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0

Nasser in his comment is referring (somewhat cryptically) to an undocumented second argument of Return. You would use it this way. test1[] := Module[{}, Do[Print[i]; If[i > 3, Print["i > 3"]; Return[100, Module]], {i, 1, 5}]; 200] However, I prefer to avoid undocumented stuff, so I recommend test2[] := Catch[ Do[Print[i]; If[i > ...


-1

Maybe this doesn't answer your question, but I would proceed as follows (avoiding error messages in the first place): fun = Sin[a*x] + Cos[b*x] + Log[c*x] /. {a -> 1, b -> 1, c -> 1}; roots= Union@Map[FindRoot[fun, {x, #}] &, Range[1, 12]] {{x -> 0.28847}, {x -> 3.40346}, {x -> 4.06124}} roots = Cases[roots, Rule[_, x_] /; x >= 1 ...


1

Like stated in the duplicate's link: functionexample[a_, b_, c_, x_] := Sin[a*x] + Cos[b*x] + Log[c*x] rootexample[a_, b_, c_, result_] := FindRoot[functionexample[a, b, c, x] == result, {x, 1, 12}, Method -> "Brent", PrecisionGoal -> 16][[1, 2]] a = 1; b = 1; c = 1; Quiet[Table[ Check[rootexample[a, b, c, i], "NaN", {FindRoot::bbrac}], {i, ...


2

I have used Sow/Reap in simple situations, but for what your proposing, I would usually follow your second idea. Something like this toy example: myfn[___]["Properties"] = {"a", "b", "function"}; myfn[x_, a_, b_, func_]["a"] := a; myfn[x_, a_, b_, func_]["b"] := b; myfn[x_, a_, b_, func_]["function"] := func; myfn[x_, a_, b_, func_][t_?NumericQ] := ...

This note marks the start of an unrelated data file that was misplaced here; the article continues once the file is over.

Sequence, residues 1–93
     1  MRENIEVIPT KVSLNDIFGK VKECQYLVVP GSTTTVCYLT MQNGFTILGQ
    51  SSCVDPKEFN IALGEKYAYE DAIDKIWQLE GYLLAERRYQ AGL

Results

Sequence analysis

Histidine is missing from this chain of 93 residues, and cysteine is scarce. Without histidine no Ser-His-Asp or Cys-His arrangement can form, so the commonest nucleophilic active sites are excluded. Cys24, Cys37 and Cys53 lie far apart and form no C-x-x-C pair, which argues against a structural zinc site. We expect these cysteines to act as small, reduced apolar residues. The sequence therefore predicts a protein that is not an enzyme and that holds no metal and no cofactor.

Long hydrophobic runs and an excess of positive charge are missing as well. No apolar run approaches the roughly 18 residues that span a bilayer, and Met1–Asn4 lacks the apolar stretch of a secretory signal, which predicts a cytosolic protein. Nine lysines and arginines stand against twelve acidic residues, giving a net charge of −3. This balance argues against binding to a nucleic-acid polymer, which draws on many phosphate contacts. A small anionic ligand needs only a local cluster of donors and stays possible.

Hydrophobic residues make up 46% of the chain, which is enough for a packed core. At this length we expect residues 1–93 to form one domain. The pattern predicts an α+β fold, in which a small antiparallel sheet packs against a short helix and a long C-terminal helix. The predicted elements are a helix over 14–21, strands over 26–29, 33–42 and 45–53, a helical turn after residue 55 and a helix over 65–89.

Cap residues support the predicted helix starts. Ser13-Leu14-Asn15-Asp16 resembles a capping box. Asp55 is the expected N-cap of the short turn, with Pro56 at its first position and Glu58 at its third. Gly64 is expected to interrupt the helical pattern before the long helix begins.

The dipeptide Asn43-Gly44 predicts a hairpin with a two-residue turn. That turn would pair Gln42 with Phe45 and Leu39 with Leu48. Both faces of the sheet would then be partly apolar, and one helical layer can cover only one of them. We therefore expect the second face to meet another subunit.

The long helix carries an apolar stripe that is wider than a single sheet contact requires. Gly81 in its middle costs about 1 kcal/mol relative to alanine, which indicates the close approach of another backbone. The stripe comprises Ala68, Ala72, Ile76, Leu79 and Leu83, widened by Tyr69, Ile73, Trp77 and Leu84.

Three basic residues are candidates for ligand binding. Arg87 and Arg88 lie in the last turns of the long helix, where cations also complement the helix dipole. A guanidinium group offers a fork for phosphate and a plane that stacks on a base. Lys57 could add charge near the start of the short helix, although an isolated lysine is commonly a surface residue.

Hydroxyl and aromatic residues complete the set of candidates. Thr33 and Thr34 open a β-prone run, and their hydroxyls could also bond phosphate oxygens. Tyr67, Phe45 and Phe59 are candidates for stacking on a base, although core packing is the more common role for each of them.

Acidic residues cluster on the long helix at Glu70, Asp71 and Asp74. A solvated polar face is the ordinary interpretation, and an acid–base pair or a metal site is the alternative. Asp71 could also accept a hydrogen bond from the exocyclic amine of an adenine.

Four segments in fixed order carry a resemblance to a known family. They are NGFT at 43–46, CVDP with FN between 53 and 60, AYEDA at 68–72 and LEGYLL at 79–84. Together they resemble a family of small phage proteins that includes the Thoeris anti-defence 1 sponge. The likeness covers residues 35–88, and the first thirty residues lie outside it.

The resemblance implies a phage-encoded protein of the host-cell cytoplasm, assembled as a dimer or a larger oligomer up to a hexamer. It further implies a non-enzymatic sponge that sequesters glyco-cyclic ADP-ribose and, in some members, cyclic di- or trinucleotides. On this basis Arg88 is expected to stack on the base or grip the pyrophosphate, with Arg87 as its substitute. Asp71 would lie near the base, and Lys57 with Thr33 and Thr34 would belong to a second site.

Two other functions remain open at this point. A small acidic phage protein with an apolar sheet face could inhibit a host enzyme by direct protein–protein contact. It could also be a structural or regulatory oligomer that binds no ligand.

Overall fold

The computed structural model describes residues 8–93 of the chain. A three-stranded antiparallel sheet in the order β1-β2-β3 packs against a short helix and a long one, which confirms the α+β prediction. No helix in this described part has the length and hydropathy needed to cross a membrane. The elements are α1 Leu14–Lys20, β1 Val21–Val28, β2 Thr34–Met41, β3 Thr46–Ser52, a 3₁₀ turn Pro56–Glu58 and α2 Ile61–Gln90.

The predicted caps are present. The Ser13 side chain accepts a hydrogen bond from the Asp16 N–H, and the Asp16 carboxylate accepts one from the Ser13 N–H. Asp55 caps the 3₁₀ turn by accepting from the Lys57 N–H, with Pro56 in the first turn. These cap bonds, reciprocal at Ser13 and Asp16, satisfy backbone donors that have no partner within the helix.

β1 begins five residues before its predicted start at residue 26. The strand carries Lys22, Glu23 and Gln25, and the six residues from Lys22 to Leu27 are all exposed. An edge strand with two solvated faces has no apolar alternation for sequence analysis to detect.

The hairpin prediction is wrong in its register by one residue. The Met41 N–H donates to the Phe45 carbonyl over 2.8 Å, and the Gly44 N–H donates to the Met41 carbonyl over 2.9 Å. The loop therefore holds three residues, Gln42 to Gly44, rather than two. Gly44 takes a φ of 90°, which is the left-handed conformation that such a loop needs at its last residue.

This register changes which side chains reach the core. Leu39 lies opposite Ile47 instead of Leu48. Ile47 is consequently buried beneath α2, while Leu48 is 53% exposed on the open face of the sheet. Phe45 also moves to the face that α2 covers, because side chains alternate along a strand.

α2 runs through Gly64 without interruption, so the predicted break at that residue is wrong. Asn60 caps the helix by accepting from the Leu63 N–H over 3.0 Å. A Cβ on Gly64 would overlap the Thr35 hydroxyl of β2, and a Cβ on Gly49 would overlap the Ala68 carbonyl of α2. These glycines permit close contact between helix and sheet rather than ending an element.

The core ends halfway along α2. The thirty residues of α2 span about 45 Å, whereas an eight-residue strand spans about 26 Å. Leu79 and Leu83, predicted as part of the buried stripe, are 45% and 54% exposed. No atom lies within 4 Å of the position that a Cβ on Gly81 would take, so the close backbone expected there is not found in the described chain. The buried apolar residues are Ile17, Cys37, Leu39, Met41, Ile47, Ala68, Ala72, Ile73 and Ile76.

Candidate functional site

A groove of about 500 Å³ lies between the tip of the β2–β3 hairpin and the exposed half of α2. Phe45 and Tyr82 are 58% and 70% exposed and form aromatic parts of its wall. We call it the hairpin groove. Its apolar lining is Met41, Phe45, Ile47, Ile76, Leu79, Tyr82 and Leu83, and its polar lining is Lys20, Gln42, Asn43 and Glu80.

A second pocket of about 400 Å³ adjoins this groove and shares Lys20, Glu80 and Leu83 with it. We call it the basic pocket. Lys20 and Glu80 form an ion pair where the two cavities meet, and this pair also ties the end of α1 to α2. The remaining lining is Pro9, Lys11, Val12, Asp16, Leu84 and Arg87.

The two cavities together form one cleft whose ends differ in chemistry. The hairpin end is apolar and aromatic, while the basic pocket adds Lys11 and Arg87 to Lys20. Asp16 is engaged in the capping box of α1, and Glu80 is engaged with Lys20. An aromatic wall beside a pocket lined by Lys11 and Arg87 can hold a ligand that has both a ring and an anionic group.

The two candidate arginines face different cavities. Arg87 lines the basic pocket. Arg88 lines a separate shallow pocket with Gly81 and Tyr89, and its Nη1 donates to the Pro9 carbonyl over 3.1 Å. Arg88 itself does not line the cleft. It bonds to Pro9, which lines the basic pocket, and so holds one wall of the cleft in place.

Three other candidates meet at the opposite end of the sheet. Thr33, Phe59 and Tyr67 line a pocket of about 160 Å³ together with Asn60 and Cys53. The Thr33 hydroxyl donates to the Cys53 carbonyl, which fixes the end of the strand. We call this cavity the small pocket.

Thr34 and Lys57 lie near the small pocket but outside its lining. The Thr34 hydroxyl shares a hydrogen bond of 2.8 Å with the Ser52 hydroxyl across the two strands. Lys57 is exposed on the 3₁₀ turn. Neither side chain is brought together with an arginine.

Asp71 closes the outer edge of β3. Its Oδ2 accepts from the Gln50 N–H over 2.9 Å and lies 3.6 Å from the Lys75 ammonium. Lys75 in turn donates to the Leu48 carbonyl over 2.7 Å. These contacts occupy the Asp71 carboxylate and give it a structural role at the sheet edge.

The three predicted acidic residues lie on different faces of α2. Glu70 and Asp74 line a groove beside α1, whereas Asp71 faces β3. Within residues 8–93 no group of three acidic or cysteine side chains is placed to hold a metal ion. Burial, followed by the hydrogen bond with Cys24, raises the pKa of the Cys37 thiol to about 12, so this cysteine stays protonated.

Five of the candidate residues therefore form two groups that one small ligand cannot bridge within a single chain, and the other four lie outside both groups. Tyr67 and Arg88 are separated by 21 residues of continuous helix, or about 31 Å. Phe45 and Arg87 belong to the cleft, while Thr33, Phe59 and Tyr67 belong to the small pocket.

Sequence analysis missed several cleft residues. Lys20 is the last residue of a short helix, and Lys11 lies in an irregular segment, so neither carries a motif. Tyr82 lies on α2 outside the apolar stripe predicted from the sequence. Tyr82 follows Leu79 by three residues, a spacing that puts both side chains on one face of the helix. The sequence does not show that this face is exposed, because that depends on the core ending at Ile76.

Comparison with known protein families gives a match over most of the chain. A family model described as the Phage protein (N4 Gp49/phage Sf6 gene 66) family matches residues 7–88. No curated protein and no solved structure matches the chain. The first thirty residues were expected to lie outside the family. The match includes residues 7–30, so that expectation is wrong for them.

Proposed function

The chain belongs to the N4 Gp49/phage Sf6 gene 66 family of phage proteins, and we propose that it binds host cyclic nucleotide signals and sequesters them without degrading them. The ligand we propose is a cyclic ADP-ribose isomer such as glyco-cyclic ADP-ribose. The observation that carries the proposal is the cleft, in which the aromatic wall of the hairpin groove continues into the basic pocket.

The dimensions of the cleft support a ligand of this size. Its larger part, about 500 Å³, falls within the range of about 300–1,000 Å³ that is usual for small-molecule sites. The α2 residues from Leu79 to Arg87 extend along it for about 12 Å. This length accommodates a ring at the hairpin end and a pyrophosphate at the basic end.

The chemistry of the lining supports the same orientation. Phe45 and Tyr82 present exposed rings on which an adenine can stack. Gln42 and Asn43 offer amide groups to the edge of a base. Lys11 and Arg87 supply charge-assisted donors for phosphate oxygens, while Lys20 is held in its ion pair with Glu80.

3

I do not have a lot of first hand experience with this, as I've never took the time to implement a proper solution for this problem. Also, I don't know a lot about FEM methods. So what I am going to say is mainly based on observing how various Mathematica functions work. Don't use Sow/Reap for this I don't think Sow/Reap are designed with this ...


0

Since you are specifically interested in pattern matching rather than functional equivalents such as the one presented by eldo here is an additional answer. Szabolcs already gave my preferred solution, which is to use Alternatives, though he did not recommend it. Nevertheless I do. As complete code for reference: foo[rules : _Rule | {__Rule}] := ...